Mike Rowbottom: Priceless Ovett, Michael Johnson nightmares and the biggest athletics exhibition ever seen...

Saturday, 06 October 2012
Saturday, 06 October 2012

Mike RowbottomChris Turner, who works in the Communications Department of the International Association of Athletics Federations (IAAF), is not what you would describe as a flapper. His genial and very British presence has calmly and efficiently organised countless press events down the years.

Like a good footballer, Turner always appears to have time to spare. But right now even he is feeling just a little pressed. Understandably so, given that he is curating the largest exhibition of athletics memorabilia ever to be gathered together as part of the IAAF's Centenary Celebrations.

When the doors open at Barcelona's Museu Olimpic i de l'Esport Joan Antoni Samaranch – next to the 1992 Olympic stadium – on Saturday next (October 13) Turner could be forgiven for exhaling a large sigh of relief and ingesting an even larger gin-and-tonic.

"It's a great honour to be in this position," he told me. "But it is also a huge responsibility which weighs down heavily on your shoulders. I have had sleepless nights worrying about it. I do have the occasional panic attack.

"The other night I woke up thinking about the bibs Michael Johnson had given us from the 1996 Atlanta Games. I was thinking, what have I done with them? But of course they were actually locked up in a safe. Everything has been itemised and insured, but at times you realise the enormity of what you are dealing with.

"All the donations are free of charge. I've never had so much goodwill for any project in my life."

Michael Johnson_of_the_USAMichael Johnson of the USA has donated his bibs he wore when he claimed the gold in the men's 200m during the 1996 Olympic Games

If the goodwill has been unvarying, there has been a curious difference in approach from those who have donated to a collection that will span in time from 256BC to the present day.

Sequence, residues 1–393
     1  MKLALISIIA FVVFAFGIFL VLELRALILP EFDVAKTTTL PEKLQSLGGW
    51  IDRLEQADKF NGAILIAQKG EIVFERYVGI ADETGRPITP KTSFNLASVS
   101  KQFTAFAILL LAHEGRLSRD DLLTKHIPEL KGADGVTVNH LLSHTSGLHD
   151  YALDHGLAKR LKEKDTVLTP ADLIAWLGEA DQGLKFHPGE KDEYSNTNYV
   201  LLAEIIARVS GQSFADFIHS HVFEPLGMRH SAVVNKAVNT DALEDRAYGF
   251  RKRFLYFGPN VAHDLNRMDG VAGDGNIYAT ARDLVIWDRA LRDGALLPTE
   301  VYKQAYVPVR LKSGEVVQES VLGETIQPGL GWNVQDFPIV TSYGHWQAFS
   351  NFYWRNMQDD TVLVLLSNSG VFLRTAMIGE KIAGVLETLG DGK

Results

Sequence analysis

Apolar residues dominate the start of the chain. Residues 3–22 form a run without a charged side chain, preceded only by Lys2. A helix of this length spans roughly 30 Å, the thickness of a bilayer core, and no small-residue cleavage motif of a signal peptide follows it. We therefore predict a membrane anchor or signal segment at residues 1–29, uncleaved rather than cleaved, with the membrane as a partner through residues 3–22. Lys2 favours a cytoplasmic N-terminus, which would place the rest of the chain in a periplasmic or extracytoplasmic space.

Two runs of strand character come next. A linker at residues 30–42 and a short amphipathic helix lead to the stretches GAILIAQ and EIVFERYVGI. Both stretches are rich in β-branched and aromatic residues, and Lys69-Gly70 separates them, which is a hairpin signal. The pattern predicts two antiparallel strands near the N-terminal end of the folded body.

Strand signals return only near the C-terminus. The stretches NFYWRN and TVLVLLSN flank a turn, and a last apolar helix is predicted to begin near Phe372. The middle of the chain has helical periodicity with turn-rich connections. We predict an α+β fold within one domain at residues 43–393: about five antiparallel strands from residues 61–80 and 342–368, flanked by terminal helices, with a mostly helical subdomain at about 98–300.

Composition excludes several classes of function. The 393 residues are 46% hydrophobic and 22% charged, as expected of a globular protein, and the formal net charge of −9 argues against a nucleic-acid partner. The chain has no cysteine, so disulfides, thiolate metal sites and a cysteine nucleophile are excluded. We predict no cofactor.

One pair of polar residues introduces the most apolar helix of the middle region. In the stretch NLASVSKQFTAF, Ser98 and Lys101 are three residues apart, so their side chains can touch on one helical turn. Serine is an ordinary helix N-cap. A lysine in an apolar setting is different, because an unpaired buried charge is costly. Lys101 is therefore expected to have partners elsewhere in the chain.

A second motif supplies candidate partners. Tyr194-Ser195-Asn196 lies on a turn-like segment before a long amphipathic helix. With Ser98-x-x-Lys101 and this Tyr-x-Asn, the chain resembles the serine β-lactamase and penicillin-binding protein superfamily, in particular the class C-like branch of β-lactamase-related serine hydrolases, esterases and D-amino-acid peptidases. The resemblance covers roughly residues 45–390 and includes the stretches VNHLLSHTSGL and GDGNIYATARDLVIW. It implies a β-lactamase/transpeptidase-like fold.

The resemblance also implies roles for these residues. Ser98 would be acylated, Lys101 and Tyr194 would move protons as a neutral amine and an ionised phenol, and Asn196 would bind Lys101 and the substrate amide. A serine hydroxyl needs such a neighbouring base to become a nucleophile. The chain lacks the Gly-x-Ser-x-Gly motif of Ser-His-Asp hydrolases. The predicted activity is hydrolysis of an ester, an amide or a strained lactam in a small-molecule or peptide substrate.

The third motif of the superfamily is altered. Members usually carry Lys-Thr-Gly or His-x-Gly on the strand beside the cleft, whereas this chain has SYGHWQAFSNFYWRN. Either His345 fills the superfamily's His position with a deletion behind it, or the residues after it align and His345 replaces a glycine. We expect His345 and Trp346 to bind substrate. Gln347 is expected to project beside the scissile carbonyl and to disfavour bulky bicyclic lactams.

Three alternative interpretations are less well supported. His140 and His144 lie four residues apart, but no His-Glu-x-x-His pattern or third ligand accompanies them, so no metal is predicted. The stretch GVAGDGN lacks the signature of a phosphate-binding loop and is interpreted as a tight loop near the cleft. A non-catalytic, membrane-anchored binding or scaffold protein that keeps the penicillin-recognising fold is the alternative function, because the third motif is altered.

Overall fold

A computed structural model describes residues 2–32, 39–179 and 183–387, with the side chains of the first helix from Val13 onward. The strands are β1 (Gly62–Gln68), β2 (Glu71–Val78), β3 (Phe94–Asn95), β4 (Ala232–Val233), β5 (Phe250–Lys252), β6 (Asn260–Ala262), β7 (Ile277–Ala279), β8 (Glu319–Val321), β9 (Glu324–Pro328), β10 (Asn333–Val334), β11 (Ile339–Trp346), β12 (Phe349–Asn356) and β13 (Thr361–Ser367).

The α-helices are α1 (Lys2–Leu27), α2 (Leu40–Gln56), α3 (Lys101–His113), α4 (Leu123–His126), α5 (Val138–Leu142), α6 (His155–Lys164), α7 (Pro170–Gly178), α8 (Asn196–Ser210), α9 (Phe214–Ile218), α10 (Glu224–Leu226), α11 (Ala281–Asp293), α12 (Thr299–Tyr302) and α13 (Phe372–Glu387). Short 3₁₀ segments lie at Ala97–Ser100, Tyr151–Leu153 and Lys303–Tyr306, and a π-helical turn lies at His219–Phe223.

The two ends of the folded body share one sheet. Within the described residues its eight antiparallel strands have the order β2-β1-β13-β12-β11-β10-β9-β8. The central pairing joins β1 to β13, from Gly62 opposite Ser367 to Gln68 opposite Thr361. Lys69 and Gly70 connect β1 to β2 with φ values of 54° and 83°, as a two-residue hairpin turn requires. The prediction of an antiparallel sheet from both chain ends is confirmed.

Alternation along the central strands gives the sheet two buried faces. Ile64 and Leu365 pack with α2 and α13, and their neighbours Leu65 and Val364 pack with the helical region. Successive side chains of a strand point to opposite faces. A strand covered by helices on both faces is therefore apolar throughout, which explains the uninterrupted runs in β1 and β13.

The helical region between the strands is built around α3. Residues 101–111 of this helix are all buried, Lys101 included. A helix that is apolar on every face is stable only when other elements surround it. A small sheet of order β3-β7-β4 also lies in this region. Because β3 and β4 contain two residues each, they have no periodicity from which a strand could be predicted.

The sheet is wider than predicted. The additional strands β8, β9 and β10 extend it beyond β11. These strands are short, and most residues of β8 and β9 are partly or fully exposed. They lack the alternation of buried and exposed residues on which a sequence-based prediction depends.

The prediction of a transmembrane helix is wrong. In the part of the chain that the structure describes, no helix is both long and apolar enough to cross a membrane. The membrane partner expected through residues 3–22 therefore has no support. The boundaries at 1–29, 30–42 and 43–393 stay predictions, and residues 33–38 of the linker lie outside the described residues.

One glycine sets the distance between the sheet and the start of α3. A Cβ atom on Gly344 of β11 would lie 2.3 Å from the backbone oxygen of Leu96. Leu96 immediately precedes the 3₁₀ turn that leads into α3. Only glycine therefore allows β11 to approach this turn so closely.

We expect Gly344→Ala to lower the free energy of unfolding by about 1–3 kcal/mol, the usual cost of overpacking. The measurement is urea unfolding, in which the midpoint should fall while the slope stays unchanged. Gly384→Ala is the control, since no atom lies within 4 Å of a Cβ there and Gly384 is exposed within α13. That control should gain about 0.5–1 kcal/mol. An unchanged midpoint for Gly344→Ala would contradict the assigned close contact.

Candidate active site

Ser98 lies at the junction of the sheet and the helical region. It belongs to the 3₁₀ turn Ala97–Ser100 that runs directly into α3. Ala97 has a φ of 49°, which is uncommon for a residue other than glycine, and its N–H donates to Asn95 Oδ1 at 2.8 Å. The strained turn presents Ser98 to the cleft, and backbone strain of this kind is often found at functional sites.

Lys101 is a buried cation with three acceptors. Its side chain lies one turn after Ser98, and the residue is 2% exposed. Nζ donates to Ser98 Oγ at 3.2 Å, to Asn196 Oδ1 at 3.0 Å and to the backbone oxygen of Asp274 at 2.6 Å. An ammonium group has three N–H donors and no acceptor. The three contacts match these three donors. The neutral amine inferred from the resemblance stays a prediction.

For instance - a request to Steve Ovett, not normally someone who is keen to be roped into set-piece athletics celebrations - earned no response for a while. But after a few days the man who now resides in one of the finest properties on Australia's Gold Coast sent word that something was on its way. Specifically, the message passed on to Turner by Ovett's new partner Carolyn Schuwalow, was: "He won't tell you what he has sent but you will like it."

And Turner did like it. Oh yes. It was the Olympic 800 metres gold medal Ovett won at the 1980 Moscow Games, and the vest in which he did so, complete with its stitched-on cloth number – 279.

But the Curator was a little taken aback at the form in which it arrived. While the spikes and vest in which Ovett's great rival, Seb Coe – remember him? – won 1500m gold at the 1984 Los Angeles Games had been documented every step of the way on their temporary journey from the Nike Museum, Ovett had simply bundled his priceless material gains into a big envelope and sent it via DHL without letting the IAAF know of its transit. And so it just turned up - pure Ovett gold.

Sebastian Coe__Steve_Ovett_in_the_1500_metres_at_the_1980_Olympic_Games_in_MoscowSteve Ovett's 279 vest, which he wore in the race against Sebastian Coe during the 1500 metres at the Olympic Games in Moscow, will be on display at the exhibition